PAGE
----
All we have is arbitrary dismissal of innocent Nigerians who have contributed in no less amount to the building of this great nation.  A Professor was arrested, detained, dismissed and later taken to court on an article which every honest Nigerian will agree that all the points contained in that article were 100% truth.  The sad point about it all is that those who initiated the retirement or dismissal exercise are the worst offenders.  You will be informed about the ill-gotten wealth in my next announcement.

The acting General Manager of the Nigerian Airways was invited to the Dodan Barracks and detained without trial.  The people of this country have been living in a state of fear.  The Armed Forces promotion exercise is still fresh in your minds.  Whatever reasons they have for the promotion one can only say that they are ambitious.  They in fact took over power to enrich themselves.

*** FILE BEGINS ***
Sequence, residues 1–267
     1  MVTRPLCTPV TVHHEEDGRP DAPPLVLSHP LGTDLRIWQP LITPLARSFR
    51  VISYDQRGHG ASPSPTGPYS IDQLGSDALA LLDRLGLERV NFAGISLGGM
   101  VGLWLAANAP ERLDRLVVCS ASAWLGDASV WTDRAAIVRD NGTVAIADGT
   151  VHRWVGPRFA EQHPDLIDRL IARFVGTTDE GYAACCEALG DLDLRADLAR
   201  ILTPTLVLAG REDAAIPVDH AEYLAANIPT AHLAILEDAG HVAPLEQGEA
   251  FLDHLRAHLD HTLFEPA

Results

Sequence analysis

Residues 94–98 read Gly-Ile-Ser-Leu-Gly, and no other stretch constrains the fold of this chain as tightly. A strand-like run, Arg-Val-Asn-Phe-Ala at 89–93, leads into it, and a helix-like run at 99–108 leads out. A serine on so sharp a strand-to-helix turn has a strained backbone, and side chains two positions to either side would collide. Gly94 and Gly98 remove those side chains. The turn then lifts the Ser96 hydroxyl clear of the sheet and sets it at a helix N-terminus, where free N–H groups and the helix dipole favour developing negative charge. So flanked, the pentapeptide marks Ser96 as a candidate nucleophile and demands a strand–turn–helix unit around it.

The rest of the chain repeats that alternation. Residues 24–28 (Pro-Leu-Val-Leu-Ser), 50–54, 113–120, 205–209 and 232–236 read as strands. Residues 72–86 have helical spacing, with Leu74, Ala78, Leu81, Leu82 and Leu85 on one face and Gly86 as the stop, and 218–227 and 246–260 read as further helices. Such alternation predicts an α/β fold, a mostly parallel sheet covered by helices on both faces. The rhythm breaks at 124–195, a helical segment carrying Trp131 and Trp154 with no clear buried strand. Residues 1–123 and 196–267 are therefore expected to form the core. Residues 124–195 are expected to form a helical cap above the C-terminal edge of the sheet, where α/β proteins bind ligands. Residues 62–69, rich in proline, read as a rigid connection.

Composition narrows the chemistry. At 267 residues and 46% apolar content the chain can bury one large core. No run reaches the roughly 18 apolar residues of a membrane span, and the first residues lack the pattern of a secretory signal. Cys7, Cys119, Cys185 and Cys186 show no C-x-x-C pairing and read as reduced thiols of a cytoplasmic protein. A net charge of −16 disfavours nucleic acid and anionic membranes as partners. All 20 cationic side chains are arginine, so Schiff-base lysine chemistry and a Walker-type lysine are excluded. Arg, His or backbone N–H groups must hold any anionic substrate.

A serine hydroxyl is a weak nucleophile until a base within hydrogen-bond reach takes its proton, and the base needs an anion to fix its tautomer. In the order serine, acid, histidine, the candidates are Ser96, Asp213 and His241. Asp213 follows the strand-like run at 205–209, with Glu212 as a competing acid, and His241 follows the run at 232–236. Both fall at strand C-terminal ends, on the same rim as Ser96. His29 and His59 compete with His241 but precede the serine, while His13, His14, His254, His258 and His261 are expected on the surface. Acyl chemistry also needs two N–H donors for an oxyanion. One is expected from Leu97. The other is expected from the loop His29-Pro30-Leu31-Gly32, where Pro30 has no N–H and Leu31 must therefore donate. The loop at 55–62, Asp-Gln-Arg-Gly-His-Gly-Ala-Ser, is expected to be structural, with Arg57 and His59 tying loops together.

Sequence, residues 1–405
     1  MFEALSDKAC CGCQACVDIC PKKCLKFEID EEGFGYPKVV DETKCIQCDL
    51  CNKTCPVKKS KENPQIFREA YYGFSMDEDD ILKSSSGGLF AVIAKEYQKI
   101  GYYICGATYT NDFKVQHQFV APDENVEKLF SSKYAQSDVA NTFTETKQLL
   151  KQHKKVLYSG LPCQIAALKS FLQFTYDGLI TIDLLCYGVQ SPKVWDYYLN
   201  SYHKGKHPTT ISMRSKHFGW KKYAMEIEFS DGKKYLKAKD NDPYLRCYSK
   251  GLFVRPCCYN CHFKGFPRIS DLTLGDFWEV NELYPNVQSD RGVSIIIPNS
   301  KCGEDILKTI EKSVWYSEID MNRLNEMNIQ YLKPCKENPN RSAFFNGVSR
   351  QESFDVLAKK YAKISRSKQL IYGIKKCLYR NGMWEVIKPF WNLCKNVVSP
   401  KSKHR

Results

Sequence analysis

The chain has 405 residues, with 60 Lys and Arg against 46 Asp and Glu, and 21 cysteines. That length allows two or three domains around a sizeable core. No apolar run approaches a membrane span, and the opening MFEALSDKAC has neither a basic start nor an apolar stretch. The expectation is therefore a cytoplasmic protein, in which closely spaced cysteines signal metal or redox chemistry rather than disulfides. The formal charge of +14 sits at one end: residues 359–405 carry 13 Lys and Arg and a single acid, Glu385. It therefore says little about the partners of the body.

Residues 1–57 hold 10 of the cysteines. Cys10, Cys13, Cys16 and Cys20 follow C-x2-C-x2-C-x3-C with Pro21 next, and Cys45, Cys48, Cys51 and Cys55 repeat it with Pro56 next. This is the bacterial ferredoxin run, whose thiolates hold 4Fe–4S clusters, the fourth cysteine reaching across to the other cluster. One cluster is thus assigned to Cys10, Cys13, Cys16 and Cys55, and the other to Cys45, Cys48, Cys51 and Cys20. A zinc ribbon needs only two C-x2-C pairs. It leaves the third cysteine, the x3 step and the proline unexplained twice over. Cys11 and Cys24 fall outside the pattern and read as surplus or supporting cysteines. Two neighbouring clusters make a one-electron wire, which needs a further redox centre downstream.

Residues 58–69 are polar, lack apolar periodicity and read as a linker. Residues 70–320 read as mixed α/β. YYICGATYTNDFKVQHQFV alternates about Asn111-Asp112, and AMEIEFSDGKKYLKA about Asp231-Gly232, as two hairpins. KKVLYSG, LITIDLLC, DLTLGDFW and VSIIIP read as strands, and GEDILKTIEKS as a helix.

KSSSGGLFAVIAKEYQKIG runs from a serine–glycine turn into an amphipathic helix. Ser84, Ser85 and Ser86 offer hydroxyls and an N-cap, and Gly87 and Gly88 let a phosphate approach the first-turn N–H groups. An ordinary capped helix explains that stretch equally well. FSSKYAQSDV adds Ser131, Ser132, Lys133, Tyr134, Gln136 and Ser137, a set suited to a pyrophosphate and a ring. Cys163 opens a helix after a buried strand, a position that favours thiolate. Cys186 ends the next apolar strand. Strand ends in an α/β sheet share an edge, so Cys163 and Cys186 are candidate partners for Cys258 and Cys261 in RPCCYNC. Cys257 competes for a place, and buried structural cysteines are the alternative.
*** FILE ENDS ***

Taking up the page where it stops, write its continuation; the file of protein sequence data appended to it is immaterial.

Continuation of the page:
We are convinced that some of the programmes announced for a return to civilian rule are made to favor a particular group. To mention only one.  Maitama Sule is a politician.  But has been appointed Chief of Commissioners for Complaints.  This is to prepare him for the next political head at all cost.  How many of you know that Maitama Sule is on a salary of N17,000 per annum?

In view of what I have just said and a lot more which time will not permit me to mention, we the Young Revolutionaries have once again taken over the Government to save Murtala from total disgrace and prevent him from committing further blunders and totally collapsing the country before he runs away in the name of retirement to enjoy the huge fortune he got through bribe which he has now stored outside this country.  I believe that charity should begin at home.

Please stay by your radio for further announcements.

We are all together.”

Related image

Related image
Those who had the booming sound of the gunshot that early Friday morning on February 13, 1976, knew it was trouble. But those who subsequently heard the incoherent words of the principal assailant, Lt. Col. Buka Suka Dimka on the airwaves as he imposed a dawn to dusk curfew rightly upgraded the trouble sign to an unmitigated disaster.